Table 1 Experimental conditions for In,W0,2 growth Run no.

1 2

Transport temperature (“C) T,


9.50 1000

700 835

Duration of growth (days)

Crystal dimension (in size) (mm)

10 11

0.5 2

Fig. 1. As-grown crystais of In,WO12 with octahedral (right-hand side) and isometric shape (left-hand side) ( 1 division= 1mm).


Volume 18, number 1,2


determined by previous authors appears as being an anion-deficient fluorite-type with a large supercell. The cationic sublattice ( 1 W and 6 In) is almost facecentered cubic, the oxygen atoms occupy 12 of the 14 formed tetrahedral sites, the two last ones being empty. The lattice contains actually two types of coordination polyhedra: - the W atoms are six-coordinated (with all W-O distances equal to 1.93 8, [ 8 ] ) and form isolated octahedra ( W06)6--, - In is su~ounded by seven 0 atoms, six of them being at a distance between 2.12 and 2.28 A and the last one at 2.77 A. 3.2. Luminescence The diffuse reflectance spectrum of In6W012 powder exhibits at room temperature an optical absorption edge at about 330 nm (fig. 2). By excitation into this absorption band the compound shows a green emission below 1.50 K. At 4.2 K a broad emission band shows a maximum around 500 nm. Because of the large width of this band the emission maximum is not easy to determine accurately. The corresponding excitation band shows a maximum at about 325 nm. This can be considered as being in good agreement with the results of the diffuse reflectance spectrum if the temperature dependence is considered. At 4.2 K the emission intensity is rather high and it stays roughly constant up to about 20 K. From that temperature, thermal quenching appears.

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At 60 K the total intensity has dropped to about 50°h of the liquid helium value. The decay time of this luminescence is rather short. At 4.2 K the decay curve consists of an overlapping of fast and slow components characterized by decay times of 10 and 20 ps respectively (fig. 3). At increasing temperature the fluorescence decay becomes single exponential and exhibits a shorter lifetime ( 10 ps at 20 K for example ) . The single crystal emission spectrum is similar to that of the powder, but the excitation maximum appears at 335 nm instead of 325 nm (fig. 2). The difference between the positions of the excitation maximum for powder and crystals results from a wellknown saturation phenomenon: in strongly absorbing crystals excitation into the absorption maximum is not completely effective, as the excitation beam cannot enter fully the crystals. Radiationless losses occur at the crystal surface [ 9 1. In our previous investigation of IntTiOS, the comparison between titanate and indate compounds led us to propose an inte~retation of the luminescence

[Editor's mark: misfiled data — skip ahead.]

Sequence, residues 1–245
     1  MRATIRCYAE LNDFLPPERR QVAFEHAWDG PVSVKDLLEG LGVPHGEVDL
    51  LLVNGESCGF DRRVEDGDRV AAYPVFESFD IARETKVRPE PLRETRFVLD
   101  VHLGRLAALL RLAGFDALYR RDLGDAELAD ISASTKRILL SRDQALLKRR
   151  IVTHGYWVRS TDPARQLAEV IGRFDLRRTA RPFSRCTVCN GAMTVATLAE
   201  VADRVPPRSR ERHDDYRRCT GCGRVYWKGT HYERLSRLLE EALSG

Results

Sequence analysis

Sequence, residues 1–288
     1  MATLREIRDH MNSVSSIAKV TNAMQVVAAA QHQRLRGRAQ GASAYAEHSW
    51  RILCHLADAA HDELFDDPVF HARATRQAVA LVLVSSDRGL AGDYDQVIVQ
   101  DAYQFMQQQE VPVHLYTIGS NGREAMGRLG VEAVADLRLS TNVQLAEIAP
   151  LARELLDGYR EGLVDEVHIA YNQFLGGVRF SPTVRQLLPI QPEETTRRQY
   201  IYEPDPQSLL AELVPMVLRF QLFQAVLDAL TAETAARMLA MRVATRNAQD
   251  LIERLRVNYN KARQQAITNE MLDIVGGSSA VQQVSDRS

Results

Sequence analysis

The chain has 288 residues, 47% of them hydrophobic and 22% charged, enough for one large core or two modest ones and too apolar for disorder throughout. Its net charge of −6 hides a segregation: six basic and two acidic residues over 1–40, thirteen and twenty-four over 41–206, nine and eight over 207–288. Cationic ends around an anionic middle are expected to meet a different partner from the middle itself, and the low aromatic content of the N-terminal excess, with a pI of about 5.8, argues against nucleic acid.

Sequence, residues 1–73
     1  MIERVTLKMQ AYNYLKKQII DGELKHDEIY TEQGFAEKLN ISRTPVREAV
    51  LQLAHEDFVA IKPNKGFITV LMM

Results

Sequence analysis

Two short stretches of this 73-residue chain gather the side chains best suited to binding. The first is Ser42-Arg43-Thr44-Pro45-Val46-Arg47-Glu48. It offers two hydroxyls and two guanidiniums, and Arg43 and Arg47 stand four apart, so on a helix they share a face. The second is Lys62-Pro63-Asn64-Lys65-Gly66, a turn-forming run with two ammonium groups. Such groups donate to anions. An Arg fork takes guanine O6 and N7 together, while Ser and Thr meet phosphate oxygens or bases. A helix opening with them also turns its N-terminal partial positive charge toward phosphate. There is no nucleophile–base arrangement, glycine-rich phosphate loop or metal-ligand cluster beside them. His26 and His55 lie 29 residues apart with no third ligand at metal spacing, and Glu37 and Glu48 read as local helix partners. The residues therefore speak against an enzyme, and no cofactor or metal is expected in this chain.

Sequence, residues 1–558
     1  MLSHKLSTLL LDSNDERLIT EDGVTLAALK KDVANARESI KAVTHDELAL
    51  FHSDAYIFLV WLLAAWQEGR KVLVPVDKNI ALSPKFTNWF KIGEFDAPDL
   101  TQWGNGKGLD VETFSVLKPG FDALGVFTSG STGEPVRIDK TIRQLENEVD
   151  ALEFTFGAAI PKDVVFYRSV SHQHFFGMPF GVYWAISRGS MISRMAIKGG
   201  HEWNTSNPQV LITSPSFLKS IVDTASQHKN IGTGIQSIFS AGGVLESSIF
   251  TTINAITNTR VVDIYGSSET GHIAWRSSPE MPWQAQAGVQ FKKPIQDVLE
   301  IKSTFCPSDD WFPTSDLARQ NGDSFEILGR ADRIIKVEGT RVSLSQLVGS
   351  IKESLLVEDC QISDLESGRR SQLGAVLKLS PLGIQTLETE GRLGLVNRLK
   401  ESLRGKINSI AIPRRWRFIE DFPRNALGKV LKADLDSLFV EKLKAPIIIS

1b.u.) 10)


Fig. 2. Diffuse reflectance spectrum (dashed line) at room temperature, excitation (a) and emission (b) spectra at 4.2 K of In6WO12.For (a) the sofid line corresponds to a powder sample, the dot-dash line to single crystals. The emission spectra of single crystals and powder samples are similar.


Fig. 3. Luminescent decay of In6WO12at 500 nm, i.e. the emission maximum at 4.2 K.


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spectrum in terms of a charge transfer from 02- to In3+ occurring in (In,O,)?ribbons of the lattice the obtained luminescent data [6]. For In,WOi,, differ from those of In2TiOs and In203 [6,10]. Blasse et al. [ 1 l-l 41 have investigated the luminescence of various tungstate compounds and particularly of Y6W0,2, but the exact excitation and emission maximum values for the latter were not reported. It was worthwhile, therefore, to reinvestigate the luminescence properties of Y6WOi2, which belongs to the same structural type [ 151, in order to compare them with those of In,WOi,. The luminescence of Y6WOi2 is quite similar to that of In6W0,2 (i.e. band shape, spectral region of the excitation and emission spectra, luminescence decay curves). However, small differences can be observed (see table 2): higher energy of the first absorption band (or excitation maximum), higher thermal quenching temperature, higher intensity and larger decay constants for Y6WOi2 compared to those of In6W0i2. The luminescence of highly charged ions with do configuration as W6+ is well known and has been studied for many years [ 16,171. The optical transitions involved can be attributed to ligand ( 02- ) to metal ( W6+ ) charge transfers. The influence of the energy value of the first absorption band on the efficiency of the luminescence is dramatic. A higher energy position of the first absorption band yields higher thermal quenching temperature of luminescence as already observed experimentally for various closed-shell transition metal ions [ 11,18-23 1. It was argued that this relation can Table 2 Some data for the luminescence

of tungstates

with Y6W0r2-type

optical absorption edge (nm) at 300 K excitation maximum (nm) emission maximum (nm) Stokes shift value (cm-‘) E,/Z C, decay times, T, for the fast and slow component of the decay (us)




be qualitatively explained by considering a simple configuration coordinate diagram in which the shape of the curve for the equilibrium distance does not depend significantly on the crystal structure [ 11,12,2 1,241. Our experimental data are well in line with those reported previously [ 11,121. The activation energy of the thermal luminescence quenching increases if the position of the emitting level shifts to higher energies [ 111. This activation energy (AE) can be derived from the experimental temperature curve according to the relation: I=&,/ [ 1 +A exp( - AE/kT)